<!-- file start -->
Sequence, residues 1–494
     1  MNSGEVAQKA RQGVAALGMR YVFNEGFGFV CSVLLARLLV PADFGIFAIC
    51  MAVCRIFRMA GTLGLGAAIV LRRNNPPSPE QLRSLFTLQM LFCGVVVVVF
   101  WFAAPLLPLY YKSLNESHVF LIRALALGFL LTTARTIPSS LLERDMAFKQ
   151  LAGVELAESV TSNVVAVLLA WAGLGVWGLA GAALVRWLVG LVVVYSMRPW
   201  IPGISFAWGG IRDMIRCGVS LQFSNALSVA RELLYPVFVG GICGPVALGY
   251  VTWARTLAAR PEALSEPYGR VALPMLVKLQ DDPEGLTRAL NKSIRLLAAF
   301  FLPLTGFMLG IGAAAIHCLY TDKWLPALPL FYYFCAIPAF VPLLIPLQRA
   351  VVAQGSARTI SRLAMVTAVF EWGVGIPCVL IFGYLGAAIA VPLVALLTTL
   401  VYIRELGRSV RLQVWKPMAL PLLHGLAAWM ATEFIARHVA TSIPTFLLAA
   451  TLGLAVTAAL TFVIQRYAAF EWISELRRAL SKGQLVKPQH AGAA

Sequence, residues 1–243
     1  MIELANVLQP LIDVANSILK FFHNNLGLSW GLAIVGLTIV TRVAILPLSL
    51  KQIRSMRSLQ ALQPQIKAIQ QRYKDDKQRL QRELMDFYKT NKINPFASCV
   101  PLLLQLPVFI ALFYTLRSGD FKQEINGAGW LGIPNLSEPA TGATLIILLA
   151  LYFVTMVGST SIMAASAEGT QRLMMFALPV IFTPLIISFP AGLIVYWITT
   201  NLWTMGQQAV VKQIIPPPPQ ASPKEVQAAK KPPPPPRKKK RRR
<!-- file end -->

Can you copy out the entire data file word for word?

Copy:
Sequence, residues 1–494
     1  MNSGEVAQKA RQGVAALGMR YVFNEGFGFV CSVLLARLLV PADFGIFAIC
    51  MAVCRIFRMA GTLGLGAAIV LRRNNPPSPE QLRSLFTLQM LFCGVVVVVF
   101  WFAAPLLPLY YKSLNESHVF LIRALALGFL LTTARTIPSS LLERDMAFKQ
   151  LAGVELAESV TSNVVAVLLA WAGLGVWGLA GAALVRWLVG LVVVYSMRPW
   201  IPGISFAWGG IRDMIRCGVS LQFSNALSVA RELLYPVFVG GICGPVALGY
   251  VTWARTLAAR PEALSEPYGR VALPMLVKLQ DDPEGLTRAL NKSIRLLAAF
   301  FLPLTGFMLG IGAAAIHCLY TDKWLPALPL FYYFCAIPAF VPLLIPLQRA
   351  VVAQGSARTI SRLAMVTAVF EWGVGIPCVL IFGYLGAAIA VPLVALLTTL
   401  VYIRELGRSV RLQVWKPMAL PLLHGLAAWM ATEFIARHVA TSIPTFLLAA
   451  TLGLAVTAAL TFVIQRYAAF EWISELRRAL SKGQLVKPQH AGAA

Sequence, residues 1–243
     1  MIELANVLQP LIDVANSILK FFHNNLGLSW GLAIVGLTIV TRVAILPLSL
    51  KQIRSMRSLQ ALQPQIKAIQ QRYKDDKQRL QRELMDFYKT NKINPFASCV
   101  PLLLQLPVFI ALFYTLRSGD FKQEINGAGW LGIPNLSEPA TGATLIILLA
   151  LYFVTMVGST SIMAASAEGT QRLMMFALPV IFTPLIISFP AGLIVYWITT
   201  NLWTMGQQAV VKQIIPPPPQ ASPKEVQAAK KPPPPPRKKK RRR